La Finca El Ocaso is not the kind of place you stumble across. Located way down a Quindío stone-studded dirt road on the way to nowhere, it helps to have a dollop of faith that it really exists. It also helps to have one of the coffee region’s ubiquitous Willys—a kind of Model T-esque jeep—to navigate the bumpy course, though not strictly necessary.
But whether on a day trip or planning to spend a night, it’s hard not to appreciate the tranquil solitude of Twilight Farmhouse, as it translates, once you’re there. The 20-hectare property is crowned by the farmhouse itself, a classic red, green and white two-story with a wrap-around porch that invites you to spend the afternoon dozing under the shade of its overhang.
Time is also well wasted lounging in the nearby shaded lookout, which looks out over a mini-valley planted with half a dozen private homes and thick groves of eucalyptus, banana and bamboo. But it’s not all lazing around, at least for the residents.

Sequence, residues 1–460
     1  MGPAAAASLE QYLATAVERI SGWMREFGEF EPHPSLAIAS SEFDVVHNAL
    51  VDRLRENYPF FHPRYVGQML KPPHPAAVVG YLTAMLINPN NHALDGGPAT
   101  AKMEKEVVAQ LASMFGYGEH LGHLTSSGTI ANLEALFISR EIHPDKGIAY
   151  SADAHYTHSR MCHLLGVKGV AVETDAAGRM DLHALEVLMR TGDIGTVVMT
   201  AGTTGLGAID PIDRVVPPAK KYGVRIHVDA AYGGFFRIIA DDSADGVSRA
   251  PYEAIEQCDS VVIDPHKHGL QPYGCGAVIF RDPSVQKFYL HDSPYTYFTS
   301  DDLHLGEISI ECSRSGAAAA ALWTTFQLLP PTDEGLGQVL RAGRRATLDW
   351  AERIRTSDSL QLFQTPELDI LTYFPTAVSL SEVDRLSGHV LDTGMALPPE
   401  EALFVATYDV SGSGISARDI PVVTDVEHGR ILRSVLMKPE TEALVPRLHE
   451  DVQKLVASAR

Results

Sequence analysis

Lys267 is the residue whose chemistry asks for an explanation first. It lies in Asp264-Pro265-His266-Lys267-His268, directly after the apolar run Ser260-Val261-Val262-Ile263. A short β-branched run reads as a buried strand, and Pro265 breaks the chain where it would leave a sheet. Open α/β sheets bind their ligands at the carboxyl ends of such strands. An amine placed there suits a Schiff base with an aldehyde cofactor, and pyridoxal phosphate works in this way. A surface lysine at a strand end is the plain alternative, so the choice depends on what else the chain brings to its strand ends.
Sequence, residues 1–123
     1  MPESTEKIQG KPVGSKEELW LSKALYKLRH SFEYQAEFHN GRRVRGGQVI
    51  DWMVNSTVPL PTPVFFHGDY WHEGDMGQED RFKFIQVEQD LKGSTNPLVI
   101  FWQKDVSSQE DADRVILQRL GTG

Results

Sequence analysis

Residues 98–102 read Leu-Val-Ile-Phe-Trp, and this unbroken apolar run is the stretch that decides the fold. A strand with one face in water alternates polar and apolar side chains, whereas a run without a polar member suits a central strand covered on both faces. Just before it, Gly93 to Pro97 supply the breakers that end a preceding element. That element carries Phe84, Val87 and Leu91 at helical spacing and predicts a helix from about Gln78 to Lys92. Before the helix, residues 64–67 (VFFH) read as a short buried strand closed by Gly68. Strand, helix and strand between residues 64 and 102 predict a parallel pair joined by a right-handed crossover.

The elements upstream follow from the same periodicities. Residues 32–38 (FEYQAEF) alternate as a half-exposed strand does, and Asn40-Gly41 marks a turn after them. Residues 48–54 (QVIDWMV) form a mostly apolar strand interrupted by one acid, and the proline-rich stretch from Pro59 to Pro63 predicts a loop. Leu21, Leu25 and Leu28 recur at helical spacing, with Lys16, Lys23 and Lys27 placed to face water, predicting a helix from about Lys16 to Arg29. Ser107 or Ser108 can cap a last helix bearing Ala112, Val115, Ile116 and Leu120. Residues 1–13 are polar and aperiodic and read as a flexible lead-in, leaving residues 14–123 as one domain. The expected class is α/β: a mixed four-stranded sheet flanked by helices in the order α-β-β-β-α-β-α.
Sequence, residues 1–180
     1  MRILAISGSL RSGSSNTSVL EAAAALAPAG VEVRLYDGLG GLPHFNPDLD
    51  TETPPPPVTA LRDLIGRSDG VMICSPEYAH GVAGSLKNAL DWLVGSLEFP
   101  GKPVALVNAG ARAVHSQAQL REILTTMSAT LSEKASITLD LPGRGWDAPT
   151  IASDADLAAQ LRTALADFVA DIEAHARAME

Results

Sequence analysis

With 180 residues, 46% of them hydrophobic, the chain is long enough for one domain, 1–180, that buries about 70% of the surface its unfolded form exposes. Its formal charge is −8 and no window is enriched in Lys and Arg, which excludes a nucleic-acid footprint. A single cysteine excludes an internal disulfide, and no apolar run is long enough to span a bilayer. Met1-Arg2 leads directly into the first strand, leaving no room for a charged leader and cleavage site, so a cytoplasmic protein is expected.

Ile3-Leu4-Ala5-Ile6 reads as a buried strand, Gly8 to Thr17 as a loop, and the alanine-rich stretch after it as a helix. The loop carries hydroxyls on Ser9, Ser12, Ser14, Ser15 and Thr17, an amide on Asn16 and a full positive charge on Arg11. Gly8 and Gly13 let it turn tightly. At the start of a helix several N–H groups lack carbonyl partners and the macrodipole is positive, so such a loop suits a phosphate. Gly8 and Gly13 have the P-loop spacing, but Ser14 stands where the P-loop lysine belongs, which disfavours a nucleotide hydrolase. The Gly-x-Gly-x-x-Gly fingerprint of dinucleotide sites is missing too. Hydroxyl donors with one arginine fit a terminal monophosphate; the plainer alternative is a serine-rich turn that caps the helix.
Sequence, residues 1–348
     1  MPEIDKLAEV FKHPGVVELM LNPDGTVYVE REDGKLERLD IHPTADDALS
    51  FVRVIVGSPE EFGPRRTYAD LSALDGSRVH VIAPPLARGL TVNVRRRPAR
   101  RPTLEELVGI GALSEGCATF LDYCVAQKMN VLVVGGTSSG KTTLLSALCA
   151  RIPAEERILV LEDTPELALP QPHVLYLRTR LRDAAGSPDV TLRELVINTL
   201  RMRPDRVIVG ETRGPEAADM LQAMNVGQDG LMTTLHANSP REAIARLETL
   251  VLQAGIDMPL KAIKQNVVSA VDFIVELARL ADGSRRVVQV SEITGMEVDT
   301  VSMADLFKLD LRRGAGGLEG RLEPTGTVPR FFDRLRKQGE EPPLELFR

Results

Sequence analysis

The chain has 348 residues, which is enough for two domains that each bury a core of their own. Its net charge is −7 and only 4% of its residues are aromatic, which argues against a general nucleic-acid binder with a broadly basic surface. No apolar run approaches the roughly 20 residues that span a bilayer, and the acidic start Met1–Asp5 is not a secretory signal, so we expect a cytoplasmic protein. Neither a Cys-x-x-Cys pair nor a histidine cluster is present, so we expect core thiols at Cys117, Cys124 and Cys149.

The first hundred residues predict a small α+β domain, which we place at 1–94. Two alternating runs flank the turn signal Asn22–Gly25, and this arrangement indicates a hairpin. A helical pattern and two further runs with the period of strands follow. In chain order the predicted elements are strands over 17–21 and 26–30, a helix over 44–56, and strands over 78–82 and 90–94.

The farm produces some 50,000 kilos of certified organic coffee a year, in a full-cycle process that uses manure culled from an onsite hog yard and fields cross planted with plantains and flowering bushes. The helpful if reserved Raúl, who manages the farm with his wife Sandra, will show you exactly how it all works in a 45-minute tour for about US$3.50. You’ll even get a steaming cup of the product at the end.
Should you become enchanted, rooms go for about US$12.50 a night. There is space for up to 7 couples, but they only fill during winter and summer holidays. Meals cooked and served by Sandra come extra.
While stumbling down unpaved roads won’t yield many unpleasant surprises in Quindio–the department is home to a healthy number of army bases–the best way to find El Ocaso is to ask in neighboring Salento. Locals should point you to the nearby cemetery, from which a bumpy road punctuated an occasional sign for the farm and plenty of other turnoffs departs to your destination. Keep your patience–the few kilometers will take some time.